Tiant appeared along with Red Sox executive vice president Charles Steinberg; MLB vice president of community affairs Tom Brasuell; Beth Donegan, director of child life services at Boston Children's; and Wally the Green Monster. Tiant said he had been coming to this hospital since 1972.
"You don't want any kids getting diseases like these kids have," he said. "It really breaks your heart when you see them in this situation, and you want to help. I don't know why the reason is. It's sad when they come in here and all the treatments they have to go through. We want to help them."
Wearing the 2004 and '07 World Series rings he was given as a club legend and ambassador, the still-mustachioed four-time 20-game winner won 229 games over a 19-year Major League career. He was 2-0 in three starts for Boston during that fabled 1975 World Series, which Cincinnati won in seven. Tiant would spin around in his windup to look out at center field before delivering, and he likes to point out what happened when someone tried to change the unorthodox style that came with him from Cuba.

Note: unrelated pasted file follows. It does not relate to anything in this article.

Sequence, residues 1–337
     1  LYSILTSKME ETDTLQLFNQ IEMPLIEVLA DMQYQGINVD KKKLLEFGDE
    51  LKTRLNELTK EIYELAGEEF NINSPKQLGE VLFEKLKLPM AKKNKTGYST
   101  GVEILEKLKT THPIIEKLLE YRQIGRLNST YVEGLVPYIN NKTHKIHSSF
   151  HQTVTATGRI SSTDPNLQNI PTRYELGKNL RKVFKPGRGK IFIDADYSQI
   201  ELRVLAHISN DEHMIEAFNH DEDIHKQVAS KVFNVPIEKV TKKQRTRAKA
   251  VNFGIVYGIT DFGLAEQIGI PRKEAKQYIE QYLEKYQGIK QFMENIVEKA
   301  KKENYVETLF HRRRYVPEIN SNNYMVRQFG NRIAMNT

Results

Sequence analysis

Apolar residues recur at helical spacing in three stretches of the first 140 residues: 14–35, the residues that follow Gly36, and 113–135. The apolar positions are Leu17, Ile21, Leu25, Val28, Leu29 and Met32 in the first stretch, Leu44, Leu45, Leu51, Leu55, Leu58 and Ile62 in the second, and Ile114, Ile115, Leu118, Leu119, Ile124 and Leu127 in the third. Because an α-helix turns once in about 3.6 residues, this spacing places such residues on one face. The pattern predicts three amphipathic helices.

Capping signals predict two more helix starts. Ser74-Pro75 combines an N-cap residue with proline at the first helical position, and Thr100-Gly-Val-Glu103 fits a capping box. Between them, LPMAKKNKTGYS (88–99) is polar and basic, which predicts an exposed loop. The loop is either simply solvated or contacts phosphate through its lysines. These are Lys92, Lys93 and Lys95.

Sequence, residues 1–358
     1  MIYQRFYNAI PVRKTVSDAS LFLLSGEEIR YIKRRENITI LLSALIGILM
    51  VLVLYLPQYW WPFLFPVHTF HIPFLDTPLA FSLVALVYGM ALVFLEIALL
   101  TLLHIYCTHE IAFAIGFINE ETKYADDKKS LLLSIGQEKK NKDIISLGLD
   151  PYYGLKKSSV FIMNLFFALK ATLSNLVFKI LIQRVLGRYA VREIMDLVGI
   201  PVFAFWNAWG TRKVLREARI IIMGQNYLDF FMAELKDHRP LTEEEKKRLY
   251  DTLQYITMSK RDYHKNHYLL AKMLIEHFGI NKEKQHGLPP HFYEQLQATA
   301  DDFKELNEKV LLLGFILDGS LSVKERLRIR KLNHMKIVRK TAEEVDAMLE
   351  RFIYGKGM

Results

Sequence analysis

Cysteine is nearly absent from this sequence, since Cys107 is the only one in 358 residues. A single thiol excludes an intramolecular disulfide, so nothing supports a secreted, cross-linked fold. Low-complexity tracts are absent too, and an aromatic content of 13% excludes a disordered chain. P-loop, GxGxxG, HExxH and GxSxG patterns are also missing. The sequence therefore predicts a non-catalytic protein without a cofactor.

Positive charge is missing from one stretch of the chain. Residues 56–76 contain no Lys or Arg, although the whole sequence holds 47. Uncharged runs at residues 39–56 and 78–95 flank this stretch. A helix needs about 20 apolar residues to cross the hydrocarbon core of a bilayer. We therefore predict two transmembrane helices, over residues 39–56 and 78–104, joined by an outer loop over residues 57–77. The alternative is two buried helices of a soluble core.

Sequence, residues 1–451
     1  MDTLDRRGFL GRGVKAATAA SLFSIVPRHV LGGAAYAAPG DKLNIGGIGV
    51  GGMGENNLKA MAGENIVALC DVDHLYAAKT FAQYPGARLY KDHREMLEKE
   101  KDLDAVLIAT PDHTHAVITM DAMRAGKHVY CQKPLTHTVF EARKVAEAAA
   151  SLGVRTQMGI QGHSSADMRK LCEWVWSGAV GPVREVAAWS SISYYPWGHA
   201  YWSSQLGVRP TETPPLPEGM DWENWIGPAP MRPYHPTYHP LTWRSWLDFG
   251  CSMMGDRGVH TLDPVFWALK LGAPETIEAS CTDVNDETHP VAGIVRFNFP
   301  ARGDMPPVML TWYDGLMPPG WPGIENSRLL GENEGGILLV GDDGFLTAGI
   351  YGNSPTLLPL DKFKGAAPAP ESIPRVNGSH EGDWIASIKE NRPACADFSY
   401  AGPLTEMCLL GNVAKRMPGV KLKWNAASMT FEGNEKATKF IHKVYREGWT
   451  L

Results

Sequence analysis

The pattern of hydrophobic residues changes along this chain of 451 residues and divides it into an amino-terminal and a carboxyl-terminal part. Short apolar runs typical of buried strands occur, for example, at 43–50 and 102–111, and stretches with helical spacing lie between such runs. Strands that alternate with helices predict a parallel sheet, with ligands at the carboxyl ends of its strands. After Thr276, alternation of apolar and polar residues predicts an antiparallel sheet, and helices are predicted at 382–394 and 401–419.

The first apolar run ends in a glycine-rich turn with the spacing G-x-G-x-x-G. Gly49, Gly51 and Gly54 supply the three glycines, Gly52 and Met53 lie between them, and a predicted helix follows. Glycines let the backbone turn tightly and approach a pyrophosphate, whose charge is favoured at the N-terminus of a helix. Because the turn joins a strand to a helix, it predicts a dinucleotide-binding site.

"The American scouts didn't want to sign me in Cuba because they said the way I used to throw, I was never gonna make it," he said. "I pitched 25 years, plus winter ball.
"I can die tomorrow and feel good knowing it."
Tiant spent 46 years living in Massachusetts, then last November moved to South Florida. The humidity in the South, however, was too much for him, he said. He grew up with heat in Cuba, but heat and humidity are different. Tiant is moving next month to Wells, Maine, where the beach is a popular summer destination. It is the culmination of a long journey, one that leaves him with no reason to complain.
"It was not an easy journey, but I can call myself lucky," Tiant said. "I worked hard for it -- nobody gave me anything. I had to go through a lot of stuff. But not a lot of people in life can say they fulfilled their dream. I fulfilled my dream: I started, I finished, made it to the big leagues. As a kid, that's what I wanted to do. It happened."